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- 8 Mar 2010

Measuring an Elusive Return

Engaging with online luxury communities is beneficial but difficult to quantify, says Jean-Claude Biver, CEO and chairman of Hublot, from the firm’s headquarters in Switzerland.


Since joining Audemars Piguet in 1975, I’ve never left the high-end Swiss watch making industry. Well, unless you count a ten-month break way back in 1981. Either way, that makes 35 years now so I guess I’ve got to be one of the luxury veterans. After that I joined Omega from 1979 to 1981, bought Blancpain in 1982 and sold it to Swatch Group in 1992. I stayed on the group’s board of directors until the end of 2003 and took over Hublot the year after. In 2008, Hublot was sold to LVMH and I’ve kept my position there as chairman and CEO ever since.


At Hublot, we’re focused on the online revolution and we’re one of the brands to have benefitted from it the most. Over the years, our experiences online have only reinforced this view. Simply put, Hublot wouldn’t be in the position it is today without it. Social media is a very effective strategy as people who buy luxury like to be treated differently and they love the sensation of belonging to exclusive clubs. And some online communities can be precisely that. Luxury Society is one of our tools but the thing about online communities is that it’s difficult to measure their return. I do believe that the luxury industry is a more efficient and tangible community as a result though.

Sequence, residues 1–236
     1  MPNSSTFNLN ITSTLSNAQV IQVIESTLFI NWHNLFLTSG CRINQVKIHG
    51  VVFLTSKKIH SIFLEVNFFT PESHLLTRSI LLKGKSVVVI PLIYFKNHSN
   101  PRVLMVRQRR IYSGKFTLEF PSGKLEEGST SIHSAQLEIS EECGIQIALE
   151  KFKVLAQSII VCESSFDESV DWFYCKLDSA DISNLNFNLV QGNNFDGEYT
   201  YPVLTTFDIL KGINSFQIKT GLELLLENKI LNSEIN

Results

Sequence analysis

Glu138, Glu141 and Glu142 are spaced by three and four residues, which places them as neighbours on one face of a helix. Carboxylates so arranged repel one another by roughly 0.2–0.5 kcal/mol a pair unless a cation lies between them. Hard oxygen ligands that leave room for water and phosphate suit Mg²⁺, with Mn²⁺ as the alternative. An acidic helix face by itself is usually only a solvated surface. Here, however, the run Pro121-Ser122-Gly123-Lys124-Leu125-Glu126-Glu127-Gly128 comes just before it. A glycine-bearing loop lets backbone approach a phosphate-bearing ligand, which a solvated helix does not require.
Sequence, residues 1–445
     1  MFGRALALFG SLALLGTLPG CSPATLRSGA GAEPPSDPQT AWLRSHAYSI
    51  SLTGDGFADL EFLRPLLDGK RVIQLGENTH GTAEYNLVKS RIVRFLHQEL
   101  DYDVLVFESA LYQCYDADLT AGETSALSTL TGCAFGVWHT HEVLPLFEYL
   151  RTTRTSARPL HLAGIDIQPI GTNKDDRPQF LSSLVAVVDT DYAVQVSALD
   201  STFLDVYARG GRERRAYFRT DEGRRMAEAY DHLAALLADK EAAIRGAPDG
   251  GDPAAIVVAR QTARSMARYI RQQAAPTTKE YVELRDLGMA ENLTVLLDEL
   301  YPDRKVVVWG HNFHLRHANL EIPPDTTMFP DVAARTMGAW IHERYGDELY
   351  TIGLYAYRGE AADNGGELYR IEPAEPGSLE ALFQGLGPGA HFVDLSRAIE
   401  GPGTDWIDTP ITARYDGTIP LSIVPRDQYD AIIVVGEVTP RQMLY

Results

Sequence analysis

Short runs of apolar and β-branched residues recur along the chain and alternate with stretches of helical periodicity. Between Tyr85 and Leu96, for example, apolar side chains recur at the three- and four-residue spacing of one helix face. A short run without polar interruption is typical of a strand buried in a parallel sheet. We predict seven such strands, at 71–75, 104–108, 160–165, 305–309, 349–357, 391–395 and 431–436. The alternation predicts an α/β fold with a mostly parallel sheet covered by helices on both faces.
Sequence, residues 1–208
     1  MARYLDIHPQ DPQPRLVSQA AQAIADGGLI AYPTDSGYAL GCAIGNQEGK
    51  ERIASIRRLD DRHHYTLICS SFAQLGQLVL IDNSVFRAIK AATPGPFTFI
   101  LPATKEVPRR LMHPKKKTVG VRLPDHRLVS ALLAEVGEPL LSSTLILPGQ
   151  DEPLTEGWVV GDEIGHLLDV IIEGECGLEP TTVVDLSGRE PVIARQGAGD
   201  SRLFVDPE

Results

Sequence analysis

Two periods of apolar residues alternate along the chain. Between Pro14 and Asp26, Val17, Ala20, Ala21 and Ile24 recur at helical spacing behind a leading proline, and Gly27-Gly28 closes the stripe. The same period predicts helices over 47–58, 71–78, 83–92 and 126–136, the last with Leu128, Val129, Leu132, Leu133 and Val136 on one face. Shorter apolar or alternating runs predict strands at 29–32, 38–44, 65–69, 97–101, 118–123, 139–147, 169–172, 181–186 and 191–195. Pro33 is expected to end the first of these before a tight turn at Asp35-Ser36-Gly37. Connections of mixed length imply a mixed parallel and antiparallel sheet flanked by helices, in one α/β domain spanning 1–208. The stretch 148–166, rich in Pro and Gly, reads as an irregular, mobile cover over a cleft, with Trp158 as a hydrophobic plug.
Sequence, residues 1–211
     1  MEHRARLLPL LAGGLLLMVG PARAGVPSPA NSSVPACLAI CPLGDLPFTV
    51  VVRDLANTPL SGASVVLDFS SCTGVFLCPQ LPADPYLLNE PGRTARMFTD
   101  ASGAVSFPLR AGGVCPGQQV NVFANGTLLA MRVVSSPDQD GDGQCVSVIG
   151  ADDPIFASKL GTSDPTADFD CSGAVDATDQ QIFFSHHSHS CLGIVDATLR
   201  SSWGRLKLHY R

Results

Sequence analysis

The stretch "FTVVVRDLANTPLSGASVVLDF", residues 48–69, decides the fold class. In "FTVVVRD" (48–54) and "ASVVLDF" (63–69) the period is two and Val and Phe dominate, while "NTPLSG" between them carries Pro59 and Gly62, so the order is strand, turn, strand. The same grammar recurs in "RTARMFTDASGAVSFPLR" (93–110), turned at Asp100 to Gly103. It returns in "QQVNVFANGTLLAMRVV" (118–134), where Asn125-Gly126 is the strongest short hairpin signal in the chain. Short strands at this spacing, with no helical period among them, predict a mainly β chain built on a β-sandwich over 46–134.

On the one hand, the internet is a big promoter of our industry, but on the other hand, it continues to aid the biggest threat – counterfeiting. Fakes can penetrate the market much more easily thanks to the virtual world. Internet strategies, communities and e-commerce are the biggest changes facing the luxury industry. But however you look at developments online, ultimately the luxury sector is going to grow in parallel to accessing the growth of wealth in the world.


Jean-Claude Biver, CEO and chairman, Hublot